A member of Vermont’s utility regulatory board said he would remove himself from proceedings if the commercial wind project proposed for Rutland County is filed before the state.
John Burke of the Public Service Board said he would recuse himself if the wind project on the Grandpa’s Knob ridgeline proposed by developer Reunion Power goes before the board. He cited conflicts of interest and ethics.
“I would recuse myself,” he said in an interview after an informational panel on the PSB process Thursday evening in Rutland. “For 40 years, for 30 years, for 35 years, I have hunted that ridge.”
Burke is a lawyer from Castleton whose family has property on the ridgeline. He is currently the town’s moderator and previously served as a town auditor, a member of the Recreation Committee and as town agent.
He said Thursday it would not be right for him to be part of the proceedings. “I own a part of that ridge,” Burke said.
Reunion Power has proposed a 20-turbine wind farm on the ridgeline spanning the towns of Castleton, Hubbardton, West Rutland and Pittsford. The $100 million project has been opposed by officials in all four towns, but that does not stop the developer from seeking approval from the PSB.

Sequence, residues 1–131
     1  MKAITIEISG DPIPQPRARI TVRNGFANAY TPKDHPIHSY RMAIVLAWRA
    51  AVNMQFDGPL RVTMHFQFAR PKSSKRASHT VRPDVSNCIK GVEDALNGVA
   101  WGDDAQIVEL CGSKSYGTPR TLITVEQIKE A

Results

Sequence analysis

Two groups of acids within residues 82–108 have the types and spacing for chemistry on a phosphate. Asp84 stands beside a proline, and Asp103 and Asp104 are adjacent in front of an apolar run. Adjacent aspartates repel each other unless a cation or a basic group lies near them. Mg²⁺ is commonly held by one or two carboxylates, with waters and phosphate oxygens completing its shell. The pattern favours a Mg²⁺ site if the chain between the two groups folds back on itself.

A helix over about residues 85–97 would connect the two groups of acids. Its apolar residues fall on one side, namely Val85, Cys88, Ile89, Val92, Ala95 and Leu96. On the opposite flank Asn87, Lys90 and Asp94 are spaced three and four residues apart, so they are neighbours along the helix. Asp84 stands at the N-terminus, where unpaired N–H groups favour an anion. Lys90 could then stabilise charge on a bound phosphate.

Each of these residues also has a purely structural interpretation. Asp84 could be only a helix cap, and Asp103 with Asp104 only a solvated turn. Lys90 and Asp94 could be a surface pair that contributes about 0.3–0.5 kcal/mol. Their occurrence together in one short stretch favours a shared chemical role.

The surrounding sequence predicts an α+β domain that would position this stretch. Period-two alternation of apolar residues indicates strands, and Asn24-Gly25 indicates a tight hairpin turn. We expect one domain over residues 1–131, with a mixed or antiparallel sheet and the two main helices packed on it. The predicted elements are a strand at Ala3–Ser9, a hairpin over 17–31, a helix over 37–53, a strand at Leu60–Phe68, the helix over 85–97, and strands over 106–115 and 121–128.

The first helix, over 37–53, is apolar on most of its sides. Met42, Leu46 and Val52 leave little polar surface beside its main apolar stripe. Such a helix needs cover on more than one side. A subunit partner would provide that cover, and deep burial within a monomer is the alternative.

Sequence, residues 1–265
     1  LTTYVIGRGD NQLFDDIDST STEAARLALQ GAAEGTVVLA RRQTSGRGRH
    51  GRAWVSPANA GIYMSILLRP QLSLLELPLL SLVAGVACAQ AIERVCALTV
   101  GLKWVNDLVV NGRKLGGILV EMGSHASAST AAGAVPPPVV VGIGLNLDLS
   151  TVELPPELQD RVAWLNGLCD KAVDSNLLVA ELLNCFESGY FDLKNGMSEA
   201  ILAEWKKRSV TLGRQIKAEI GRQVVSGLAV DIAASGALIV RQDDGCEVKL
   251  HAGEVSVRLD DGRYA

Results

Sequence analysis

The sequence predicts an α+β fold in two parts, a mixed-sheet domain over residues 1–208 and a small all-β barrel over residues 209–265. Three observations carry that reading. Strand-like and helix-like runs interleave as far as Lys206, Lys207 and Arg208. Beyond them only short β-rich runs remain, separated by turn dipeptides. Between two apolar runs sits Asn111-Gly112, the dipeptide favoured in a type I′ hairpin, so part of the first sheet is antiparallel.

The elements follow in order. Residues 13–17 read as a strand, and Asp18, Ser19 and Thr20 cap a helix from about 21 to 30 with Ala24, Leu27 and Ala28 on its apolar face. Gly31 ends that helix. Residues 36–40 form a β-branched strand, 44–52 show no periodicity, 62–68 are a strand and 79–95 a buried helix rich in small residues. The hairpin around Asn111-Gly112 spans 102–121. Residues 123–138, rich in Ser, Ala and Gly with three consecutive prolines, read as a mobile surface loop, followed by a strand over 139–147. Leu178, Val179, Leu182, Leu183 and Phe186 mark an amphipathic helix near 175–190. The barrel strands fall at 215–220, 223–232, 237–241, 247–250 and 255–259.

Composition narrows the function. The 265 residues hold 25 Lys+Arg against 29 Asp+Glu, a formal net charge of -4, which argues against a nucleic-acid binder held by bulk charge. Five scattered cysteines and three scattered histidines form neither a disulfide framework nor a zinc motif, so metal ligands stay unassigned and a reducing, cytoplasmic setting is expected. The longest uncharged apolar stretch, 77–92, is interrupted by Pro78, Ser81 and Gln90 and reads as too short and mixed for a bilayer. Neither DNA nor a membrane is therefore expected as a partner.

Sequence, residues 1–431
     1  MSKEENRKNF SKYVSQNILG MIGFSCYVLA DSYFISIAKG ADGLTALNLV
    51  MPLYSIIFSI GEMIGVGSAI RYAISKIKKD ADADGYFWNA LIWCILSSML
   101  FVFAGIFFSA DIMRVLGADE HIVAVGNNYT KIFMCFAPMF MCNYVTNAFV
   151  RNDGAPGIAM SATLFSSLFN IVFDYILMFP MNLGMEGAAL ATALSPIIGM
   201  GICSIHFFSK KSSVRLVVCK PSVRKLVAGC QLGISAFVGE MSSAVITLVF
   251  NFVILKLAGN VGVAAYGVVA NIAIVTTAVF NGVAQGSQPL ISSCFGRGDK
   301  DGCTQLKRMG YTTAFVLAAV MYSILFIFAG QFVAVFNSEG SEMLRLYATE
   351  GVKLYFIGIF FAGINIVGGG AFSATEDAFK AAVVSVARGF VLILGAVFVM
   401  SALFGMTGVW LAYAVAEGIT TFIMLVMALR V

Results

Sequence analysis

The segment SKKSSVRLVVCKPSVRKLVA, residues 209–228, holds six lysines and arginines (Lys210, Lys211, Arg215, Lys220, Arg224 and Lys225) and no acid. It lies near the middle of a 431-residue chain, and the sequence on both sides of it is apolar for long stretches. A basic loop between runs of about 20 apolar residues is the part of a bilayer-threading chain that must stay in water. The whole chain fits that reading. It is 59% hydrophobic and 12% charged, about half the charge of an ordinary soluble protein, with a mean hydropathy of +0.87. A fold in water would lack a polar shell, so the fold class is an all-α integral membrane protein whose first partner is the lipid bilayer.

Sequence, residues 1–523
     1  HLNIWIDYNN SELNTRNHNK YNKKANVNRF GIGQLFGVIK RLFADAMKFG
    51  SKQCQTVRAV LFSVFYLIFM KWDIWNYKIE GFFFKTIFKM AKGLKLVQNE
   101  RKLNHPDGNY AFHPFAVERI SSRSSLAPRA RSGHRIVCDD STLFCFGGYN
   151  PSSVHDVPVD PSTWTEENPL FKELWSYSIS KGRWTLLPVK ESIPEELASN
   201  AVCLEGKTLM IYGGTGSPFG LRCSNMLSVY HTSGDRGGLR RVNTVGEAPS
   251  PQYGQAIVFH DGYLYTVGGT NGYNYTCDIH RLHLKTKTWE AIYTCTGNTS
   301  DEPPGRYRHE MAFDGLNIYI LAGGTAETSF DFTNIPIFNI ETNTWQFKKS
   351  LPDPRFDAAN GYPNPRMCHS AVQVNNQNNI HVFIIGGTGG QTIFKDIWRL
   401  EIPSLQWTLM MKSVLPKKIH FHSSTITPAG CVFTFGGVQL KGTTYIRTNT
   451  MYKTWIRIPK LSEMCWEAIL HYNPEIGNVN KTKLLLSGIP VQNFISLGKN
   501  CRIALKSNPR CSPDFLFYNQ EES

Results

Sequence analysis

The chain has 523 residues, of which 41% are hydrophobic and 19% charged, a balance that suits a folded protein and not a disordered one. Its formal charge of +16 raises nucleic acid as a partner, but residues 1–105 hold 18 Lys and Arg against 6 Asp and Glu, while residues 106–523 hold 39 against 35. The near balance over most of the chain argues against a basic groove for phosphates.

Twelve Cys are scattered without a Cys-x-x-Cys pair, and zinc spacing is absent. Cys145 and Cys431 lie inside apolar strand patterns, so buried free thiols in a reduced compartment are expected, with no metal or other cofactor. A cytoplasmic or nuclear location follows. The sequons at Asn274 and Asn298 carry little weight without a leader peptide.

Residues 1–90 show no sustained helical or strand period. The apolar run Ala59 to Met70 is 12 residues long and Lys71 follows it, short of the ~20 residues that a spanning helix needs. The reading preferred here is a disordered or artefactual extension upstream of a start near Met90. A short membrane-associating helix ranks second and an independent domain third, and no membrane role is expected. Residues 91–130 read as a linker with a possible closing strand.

“They have every right do so,” Burke said.
Reunion Power has not filed any application for a Certificate of Public Good with the PSB.
The PSB is a quasi-judicial board that supervises the rates, quality of service and overall financial management of Vermont’s public utilities: power, cable television, electric, gas, telecommunications, water and large wastewater companies.
A PSB board member removing himself from proceedings is not common, but it has happened before.
In 2006, PSB Chairman James Volz recused himself from participating in the case for the proposed East Haven Wind Farm. He had served as director of public advocacy for the Department of Public Service when the project’s developer originally filed for a Certificate of Public Good.
At the time, Volz said although he was unaware of any specific basis for questioning his impartiality, he nonetheless decided not to sit on the case. He also recused himself from the hearings on Entergy Nuclear’s plans to store high-level radioactive waste in a new facility on the grounds of Vermont Yankee in 2005.
“There have been decisions where there have just been two of us to participate,” said Burke during Thursday’s panel on the PSB process. “When a board member has to recuse himself, it proceeds forward with two members. … We managed to find a way without having to ask the million-dollar question (if they don’t agree).”
If Burke does recuse himself from the proceedings, the decision will rest on Volz and fellow PSB board member David Coen.
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